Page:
The answer to that question starts with the obvious, but essential and critical, difference between a grain of sand and a human being. Because even though our world is influenced by the same logic and complex dynamics as we see in a sand pile, the objects are not the same. We humans are not confined to be passive or helpless. We can act. And our actions and dreams can influence everything around us. So when we ask how to build more resilience into our communities and companies, we must start by eliminating the conditions and barriers that confine us into passivity and helplessness.

In doing so, it is worth contemplating whether or not hierarchies tend to overrate experience and underrate new thinking. We must also contemplate whether simple control mechanisms, such as budgets and reviews, tend to create an illusion of extrapolation-based predictability. Further, we must discuss whether specialisation, both in terms of job descriptions and functional silos, tend to limit the very cross-boundary fertilisation on which disruptive innovation often depends. In a world where smartphones and social networks have reduced the effect of physical distance and created more direct contact between people and across both organisational and national boundaries, the need for old-fashioned command-and-control is very limited. In fact, organisations today run the risk of demotivation and paralysis if the managerial style is not adapted to the obvious reality of our times. Chaplin made “The Great Dictator” a comic figure back in 1940, and as a stereotype, he has only become increasingly ridiculous since.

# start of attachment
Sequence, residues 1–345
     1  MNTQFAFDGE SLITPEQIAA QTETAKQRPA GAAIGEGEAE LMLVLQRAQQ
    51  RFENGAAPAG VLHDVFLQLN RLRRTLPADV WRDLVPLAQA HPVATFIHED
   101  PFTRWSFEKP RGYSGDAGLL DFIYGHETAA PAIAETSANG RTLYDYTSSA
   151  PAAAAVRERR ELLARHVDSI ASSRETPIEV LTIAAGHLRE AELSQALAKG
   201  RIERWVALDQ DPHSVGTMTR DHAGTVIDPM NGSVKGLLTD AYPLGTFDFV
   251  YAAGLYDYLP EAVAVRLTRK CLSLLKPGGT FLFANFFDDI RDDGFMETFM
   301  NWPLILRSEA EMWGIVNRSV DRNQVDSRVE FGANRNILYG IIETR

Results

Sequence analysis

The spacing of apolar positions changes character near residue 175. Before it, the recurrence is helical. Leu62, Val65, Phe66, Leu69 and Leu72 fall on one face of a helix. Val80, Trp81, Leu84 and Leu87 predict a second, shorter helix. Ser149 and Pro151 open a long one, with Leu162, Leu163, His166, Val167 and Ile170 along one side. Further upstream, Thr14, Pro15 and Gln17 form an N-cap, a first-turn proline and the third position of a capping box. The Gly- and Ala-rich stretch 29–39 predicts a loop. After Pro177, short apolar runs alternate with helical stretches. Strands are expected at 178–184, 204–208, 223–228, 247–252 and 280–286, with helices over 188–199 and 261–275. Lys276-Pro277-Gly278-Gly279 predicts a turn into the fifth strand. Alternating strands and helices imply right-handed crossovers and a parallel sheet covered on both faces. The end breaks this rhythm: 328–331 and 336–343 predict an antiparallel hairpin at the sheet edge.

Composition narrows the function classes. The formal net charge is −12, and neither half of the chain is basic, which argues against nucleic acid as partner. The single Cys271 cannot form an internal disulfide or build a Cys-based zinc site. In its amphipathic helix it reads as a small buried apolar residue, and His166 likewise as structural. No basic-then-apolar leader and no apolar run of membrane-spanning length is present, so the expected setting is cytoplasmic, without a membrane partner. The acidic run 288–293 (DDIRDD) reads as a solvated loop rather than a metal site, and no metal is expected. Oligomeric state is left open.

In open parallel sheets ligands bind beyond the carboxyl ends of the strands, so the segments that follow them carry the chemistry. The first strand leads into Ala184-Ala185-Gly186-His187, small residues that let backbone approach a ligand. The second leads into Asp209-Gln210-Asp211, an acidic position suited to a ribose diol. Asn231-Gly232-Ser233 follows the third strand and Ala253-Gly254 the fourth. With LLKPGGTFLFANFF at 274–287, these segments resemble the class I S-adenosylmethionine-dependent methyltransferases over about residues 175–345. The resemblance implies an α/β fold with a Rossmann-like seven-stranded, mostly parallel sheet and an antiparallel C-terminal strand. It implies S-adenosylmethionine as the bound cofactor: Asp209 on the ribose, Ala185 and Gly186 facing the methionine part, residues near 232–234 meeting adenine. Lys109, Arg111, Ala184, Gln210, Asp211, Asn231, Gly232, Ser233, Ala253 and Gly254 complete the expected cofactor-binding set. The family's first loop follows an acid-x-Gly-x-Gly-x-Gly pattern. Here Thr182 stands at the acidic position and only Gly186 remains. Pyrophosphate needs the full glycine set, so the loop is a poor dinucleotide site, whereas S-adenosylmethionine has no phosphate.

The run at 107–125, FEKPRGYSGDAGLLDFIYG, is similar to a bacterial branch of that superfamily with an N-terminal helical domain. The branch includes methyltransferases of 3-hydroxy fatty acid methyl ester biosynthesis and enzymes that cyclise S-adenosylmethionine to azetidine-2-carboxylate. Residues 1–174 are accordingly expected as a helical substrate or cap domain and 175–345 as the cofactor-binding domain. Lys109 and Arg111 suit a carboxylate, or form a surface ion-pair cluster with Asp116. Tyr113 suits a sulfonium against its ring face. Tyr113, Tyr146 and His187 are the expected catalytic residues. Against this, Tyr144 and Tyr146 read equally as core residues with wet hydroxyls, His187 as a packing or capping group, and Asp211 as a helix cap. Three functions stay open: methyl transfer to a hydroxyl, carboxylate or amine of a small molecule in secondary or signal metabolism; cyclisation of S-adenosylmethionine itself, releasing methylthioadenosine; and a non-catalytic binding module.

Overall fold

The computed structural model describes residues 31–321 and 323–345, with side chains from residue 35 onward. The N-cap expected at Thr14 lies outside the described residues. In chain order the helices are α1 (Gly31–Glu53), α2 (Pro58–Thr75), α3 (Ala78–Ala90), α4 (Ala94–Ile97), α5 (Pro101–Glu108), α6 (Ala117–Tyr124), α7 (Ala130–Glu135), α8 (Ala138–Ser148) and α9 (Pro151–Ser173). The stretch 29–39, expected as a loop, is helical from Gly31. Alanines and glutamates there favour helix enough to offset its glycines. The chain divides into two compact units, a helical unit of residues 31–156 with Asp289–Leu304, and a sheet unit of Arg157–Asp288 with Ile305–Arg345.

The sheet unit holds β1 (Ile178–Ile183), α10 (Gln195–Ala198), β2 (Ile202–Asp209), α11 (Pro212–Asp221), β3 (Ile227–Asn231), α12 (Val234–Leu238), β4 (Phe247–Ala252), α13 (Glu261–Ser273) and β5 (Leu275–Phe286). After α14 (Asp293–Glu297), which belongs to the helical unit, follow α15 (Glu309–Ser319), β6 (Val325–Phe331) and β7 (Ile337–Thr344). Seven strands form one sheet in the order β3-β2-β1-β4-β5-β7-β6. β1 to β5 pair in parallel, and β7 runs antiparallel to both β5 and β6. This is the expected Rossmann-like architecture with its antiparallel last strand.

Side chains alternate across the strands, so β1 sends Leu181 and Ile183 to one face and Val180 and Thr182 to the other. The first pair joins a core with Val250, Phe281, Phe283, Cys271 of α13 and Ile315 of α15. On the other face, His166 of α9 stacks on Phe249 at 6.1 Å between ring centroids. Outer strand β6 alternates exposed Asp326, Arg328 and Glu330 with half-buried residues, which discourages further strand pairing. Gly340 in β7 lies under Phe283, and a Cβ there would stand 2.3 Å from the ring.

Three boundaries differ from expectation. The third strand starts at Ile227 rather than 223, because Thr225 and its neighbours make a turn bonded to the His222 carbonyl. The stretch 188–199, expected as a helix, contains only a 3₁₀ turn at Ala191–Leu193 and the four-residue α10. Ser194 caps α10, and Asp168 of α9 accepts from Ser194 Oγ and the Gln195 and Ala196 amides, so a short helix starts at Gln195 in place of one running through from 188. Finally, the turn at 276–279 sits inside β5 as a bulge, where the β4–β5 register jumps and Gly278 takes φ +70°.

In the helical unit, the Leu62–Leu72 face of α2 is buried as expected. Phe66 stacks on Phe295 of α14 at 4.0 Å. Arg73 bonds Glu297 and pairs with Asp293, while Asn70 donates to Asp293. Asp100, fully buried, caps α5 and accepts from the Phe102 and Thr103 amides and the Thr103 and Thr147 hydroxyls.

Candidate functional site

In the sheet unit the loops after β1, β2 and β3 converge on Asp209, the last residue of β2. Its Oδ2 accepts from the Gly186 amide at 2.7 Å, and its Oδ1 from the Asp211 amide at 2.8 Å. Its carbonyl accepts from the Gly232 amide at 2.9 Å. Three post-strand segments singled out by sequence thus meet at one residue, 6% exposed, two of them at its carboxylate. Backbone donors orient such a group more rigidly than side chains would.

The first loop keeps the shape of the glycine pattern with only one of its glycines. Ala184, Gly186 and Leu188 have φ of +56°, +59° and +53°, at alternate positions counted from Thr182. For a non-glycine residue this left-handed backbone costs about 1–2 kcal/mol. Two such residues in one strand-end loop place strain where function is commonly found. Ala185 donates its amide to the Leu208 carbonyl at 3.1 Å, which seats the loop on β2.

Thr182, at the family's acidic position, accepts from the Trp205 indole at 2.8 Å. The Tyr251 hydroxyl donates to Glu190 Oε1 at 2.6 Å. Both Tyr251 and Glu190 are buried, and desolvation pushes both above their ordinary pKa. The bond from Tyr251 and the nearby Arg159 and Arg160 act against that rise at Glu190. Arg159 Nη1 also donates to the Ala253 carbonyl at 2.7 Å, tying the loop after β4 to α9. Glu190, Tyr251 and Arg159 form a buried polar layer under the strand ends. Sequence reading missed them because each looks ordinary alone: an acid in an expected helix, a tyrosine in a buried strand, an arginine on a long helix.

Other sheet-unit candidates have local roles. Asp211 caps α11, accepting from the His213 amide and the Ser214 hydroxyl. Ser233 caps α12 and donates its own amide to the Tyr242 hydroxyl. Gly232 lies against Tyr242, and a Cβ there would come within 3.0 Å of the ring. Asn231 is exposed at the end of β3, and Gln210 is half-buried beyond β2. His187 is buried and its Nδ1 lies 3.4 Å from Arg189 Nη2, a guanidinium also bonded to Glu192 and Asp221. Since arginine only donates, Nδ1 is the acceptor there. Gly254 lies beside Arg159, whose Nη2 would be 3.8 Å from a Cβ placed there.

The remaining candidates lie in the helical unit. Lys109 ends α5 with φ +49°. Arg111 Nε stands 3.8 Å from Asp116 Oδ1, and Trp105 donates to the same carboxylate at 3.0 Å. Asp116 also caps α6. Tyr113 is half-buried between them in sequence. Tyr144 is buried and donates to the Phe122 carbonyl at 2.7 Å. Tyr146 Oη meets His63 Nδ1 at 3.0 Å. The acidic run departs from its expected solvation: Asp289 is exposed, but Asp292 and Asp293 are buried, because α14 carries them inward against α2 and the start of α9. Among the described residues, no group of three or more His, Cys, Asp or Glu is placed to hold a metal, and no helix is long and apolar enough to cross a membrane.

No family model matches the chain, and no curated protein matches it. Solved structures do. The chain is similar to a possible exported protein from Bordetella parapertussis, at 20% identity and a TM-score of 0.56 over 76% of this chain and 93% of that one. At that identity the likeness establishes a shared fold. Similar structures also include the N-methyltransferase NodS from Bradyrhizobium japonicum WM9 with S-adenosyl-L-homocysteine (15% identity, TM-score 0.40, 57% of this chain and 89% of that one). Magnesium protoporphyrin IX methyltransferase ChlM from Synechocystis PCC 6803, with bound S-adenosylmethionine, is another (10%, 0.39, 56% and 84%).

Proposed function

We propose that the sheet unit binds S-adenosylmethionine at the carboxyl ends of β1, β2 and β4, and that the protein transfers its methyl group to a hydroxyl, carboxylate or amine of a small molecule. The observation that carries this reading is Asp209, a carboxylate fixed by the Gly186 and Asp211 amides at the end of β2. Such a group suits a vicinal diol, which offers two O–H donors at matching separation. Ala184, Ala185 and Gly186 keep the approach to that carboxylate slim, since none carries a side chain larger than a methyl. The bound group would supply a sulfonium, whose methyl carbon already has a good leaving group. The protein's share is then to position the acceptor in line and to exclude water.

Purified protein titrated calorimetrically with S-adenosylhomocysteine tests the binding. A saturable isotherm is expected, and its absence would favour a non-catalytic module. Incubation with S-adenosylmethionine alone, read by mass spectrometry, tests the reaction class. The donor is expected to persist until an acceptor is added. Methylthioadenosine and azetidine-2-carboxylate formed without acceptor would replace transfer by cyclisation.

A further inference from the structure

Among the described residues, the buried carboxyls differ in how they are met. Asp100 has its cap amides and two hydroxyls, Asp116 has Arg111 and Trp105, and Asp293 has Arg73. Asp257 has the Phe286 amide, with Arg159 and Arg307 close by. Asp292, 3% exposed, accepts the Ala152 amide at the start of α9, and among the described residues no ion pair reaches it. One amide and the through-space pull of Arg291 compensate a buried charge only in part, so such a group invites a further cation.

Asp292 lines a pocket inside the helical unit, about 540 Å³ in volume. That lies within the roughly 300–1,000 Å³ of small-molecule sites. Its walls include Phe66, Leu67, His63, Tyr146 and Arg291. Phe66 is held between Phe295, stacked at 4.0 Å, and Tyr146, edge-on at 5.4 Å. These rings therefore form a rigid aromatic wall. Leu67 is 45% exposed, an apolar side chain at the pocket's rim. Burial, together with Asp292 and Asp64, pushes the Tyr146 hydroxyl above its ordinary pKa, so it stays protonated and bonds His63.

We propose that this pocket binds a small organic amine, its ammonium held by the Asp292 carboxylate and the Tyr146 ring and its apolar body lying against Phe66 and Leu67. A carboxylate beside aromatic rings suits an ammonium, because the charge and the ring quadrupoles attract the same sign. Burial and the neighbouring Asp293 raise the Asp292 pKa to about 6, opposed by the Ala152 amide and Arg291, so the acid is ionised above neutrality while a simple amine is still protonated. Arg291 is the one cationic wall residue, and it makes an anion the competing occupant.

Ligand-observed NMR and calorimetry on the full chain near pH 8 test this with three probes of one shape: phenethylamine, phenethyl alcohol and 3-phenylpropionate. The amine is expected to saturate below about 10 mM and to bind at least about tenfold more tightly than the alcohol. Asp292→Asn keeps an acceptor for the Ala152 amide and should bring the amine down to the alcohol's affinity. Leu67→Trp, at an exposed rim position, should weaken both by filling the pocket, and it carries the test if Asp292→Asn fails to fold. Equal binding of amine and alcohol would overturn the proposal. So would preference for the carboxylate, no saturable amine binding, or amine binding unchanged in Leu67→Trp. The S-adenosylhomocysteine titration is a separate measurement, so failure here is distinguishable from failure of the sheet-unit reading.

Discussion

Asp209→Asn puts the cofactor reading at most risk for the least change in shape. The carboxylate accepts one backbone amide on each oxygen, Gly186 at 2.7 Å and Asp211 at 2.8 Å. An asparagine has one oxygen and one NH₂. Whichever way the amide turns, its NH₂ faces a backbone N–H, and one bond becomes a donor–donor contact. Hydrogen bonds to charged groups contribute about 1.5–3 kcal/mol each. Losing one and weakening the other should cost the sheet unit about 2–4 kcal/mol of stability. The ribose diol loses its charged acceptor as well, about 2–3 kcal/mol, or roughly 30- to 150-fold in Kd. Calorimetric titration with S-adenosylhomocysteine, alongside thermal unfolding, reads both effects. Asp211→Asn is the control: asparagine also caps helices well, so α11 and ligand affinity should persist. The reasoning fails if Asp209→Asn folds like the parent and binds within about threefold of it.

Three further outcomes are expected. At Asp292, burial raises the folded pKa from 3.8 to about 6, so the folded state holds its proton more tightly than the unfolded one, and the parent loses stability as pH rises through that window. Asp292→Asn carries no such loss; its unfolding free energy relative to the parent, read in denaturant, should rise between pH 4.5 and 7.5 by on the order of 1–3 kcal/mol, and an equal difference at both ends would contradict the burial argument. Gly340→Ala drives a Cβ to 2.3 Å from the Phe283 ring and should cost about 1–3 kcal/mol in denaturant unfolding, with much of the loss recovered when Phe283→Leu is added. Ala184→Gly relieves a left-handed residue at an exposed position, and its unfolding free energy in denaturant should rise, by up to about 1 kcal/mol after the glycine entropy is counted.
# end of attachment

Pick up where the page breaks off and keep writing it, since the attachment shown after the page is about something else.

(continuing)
It often makes sense for decision-makers to approach contemplations and discussions regarding resilience through metaphors. Do we think of leadership and organisation as you would in a city, or as you would in a tower? The answer is quite crucial when it comes to considering just how resilient our countries or our organisations and corporations will prove to be. A lot of practical experience and also some impressive academic figures, with Gary Hamel as the most prominent, point to the fact that cities are one of the most resilient organisational constructions known to us. While the tower, in many ways, represents a less robust form.

Cities are horizontal, towers are vertical. Cities grow and change their shape continuously, towers are static and frozen in their final form. Cities are characterised by openness, mobility and tolerance, towers are more restrictive, closed and unapproachable. Cities are run by the very people who enjoy followership, towers are often governed by the person who owns the tower. Cities often allow for or encourage cultural and human diversity, towers are typically dominated by a monoculture. Cities can gather citizens from all neighbourhoods and social classes and create cohesion, towers make it difficult to come together, even when there are good reasons for doing so. The list of differences is long. Experience shows it is worth considering and discussing.

The majority of this text was written earlier in the fall, and as such, it is not a perspective on the tragedy in Paris, or about the twin towers in New York for that matter. With that said, however, it must also be said that Paris and New York are two of the cities that embody the metaphor of the city as an organisation. They are expansive, creative, tolerant, inclusive and magnetic. They survive avalanches. And become stronger.